Questions to ask when choosing a cloud service providerMoving your business to the cloud can reduce costs, streamline your business’ workflow and eliminate the need for an in-house IT support staff. The cloud also makes it easy for employees to work remotely and access information from anywhere with Internet access.

Although moving to the cloud is a no-brainer, choosing the right cloud service provider for your business is often more difficult. There are an increasing number of providers on the market today, and choosing the right one isn’t always easy. Today, we share an article from Entrepreneur about 10 questions to ask when choosing a cloud service provider.

1. Which cloud services do you provide?
Knowing what your cloud computing needs are will dictate the type of service or services you choose, says Nicholas Bessmer, author of Cloud Computing for Small Business (Amazon, 2013).

There are software-based cloud offerings, such as Dropbox for online document, photo and video storage. Intuit offers QuickBooks for online accounting. And there’s Salesforce for online customer relationship management (CRM).

If you need more than basic data storage, several vendors offer a range of general-purpose cloud computing services, including IT networking infrastructure with on-demand access to virtual servers, applications and software. These include IBM SmartCloud Enterprise, Amazon Web Services and GoGrid.

2. What is your pricing structure?
You should only pay for what you use, says Mike Foreman, a general manager at AVG Technologies, an Amsterdam-based internet and mobile data security provider.

Also, be wary of large upfront costs, which aren’t the norm for reputable cloud vendors, Foreman says. The pricing scheme should be pay-as-you go from the outset, with the ability to add services as needed. Fees can typically be charged hourly, monthly, semi-annually or annually, depending on the vendor. Pricing for cloud computing services can vary significantly, from as low as about $1 per month per user to $100 a month per user and up, depending on a company’s needs.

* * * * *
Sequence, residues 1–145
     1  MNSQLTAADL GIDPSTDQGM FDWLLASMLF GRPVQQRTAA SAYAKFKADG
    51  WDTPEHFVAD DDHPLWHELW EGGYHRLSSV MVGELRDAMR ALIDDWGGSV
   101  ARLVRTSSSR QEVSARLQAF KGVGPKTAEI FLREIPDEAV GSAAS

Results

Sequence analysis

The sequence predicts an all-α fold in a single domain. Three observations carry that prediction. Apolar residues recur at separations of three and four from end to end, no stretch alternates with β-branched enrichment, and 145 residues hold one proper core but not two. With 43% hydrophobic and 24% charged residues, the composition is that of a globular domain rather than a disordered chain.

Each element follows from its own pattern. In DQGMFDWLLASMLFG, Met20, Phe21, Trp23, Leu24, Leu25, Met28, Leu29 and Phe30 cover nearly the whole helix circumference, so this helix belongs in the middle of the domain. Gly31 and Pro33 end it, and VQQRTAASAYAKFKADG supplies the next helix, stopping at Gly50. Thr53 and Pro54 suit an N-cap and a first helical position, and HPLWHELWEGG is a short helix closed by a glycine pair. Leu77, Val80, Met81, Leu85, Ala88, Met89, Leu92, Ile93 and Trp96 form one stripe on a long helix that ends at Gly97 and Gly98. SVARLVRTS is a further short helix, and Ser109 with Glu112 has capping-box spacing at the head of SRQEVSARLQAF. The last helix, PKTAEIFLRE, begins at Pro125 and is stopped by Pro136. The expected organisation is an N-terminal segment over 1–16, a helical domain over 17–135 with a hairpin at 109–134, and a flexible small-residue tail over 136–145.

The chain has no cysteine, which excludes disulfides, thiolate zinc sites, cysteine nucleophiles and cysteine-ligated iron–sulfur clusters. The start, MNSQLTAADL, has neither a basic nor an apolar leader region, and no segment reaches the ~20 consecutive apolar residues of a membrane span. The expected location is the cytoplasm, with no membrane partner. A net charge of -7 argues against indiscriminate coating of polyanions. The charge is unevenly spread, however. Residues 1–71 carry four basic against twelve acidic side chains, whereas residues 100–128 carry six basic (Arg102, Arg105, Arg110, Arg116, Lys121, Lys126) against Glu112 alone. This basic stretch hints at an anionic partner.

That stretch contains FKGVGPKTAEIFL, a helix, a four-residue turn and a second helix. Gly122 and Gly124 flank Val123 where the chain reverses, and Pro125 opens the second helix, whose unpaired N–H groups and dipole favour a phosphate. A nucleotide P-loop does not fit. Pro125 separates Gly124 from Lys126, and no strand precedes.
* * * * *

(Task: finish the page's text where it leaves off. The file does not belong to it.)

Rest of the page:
3. How secure is your cloud?
Security should be a major consideration when it comes to storing your company’s critical data in the cloud. Cloud providers should have several standard security measures in place and constantly update them, Foreman says. “You’ve got to be sure that you’re completely comfortable with your cloud provider’s approach to security.”

Security measures to look for include firewalls, anti-virus detection, multifactor user authentication and data encryption, and routine security audits. It’s also important to ask who at the cloud company will have access to your data in the cloud and whether the cloud provider does employee background checks to weed out potential cybercriminals or identity thieves.

Foreman says providers also should answer questions about compliance with government legislation specific to your industry. For example, if your business is in the healthcare industry, you’ll want to be sure your cloud provider is compliant with the Health Insurance Portability and Accountability Act (HIPAA), which deals with patient data privacy and security.

To read the article in its entirety, visit Entrepreneur’s website by clicking here.

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If you’re looking to move your business operations into the cloud, we’re here to help. Whether you’re considering a small step by moving your email server to Office 365 or you’re ready for our complete cloud solution, Great Lakes is ready to guide you and help you make the transition.

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